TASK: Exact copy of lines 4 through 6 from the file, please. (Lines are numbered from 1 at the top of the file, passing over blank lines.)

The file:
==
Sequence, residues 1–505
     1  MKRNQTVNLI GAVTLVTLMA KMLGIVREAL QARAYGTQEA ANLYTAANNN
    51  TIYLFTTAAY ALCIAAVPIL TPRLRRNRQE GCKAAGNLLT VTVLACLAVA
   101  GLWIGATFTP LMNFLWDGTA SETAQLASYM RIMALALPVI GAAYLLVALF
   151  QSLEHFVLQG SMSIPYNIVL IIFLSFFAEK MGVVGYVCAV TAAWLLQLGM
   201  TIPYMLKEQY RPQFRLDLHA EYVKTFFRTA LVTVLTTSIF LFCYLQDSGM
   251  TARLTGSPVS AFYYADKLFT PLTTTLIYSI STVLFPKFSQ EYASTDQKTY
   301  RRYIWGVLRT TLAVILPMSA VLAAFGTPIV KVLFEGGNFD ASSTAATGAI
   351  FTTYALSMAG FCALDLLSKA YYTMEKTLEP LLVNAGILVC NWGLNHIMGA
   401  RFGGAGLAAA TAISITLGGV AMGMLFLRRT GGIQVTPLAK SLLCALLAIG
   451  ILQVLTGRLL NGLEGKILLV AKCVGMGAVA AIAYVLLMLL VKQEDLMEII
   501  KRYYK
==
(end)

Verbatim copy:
   101  GLWIGATFTP LMNFLWDGTA SETAQLASYM RIMALALPVI GAAYLLVALF
   151  QSLEHFVLQG SMSIPYNIVL IIFLSFFAEK MGVVGYVCAV TAAWLLQLGM
   201  TIPYMLKEQY RPQFRLDLHA EYVKTFFRTA LVTVLTTSIF LFCYLQDSGM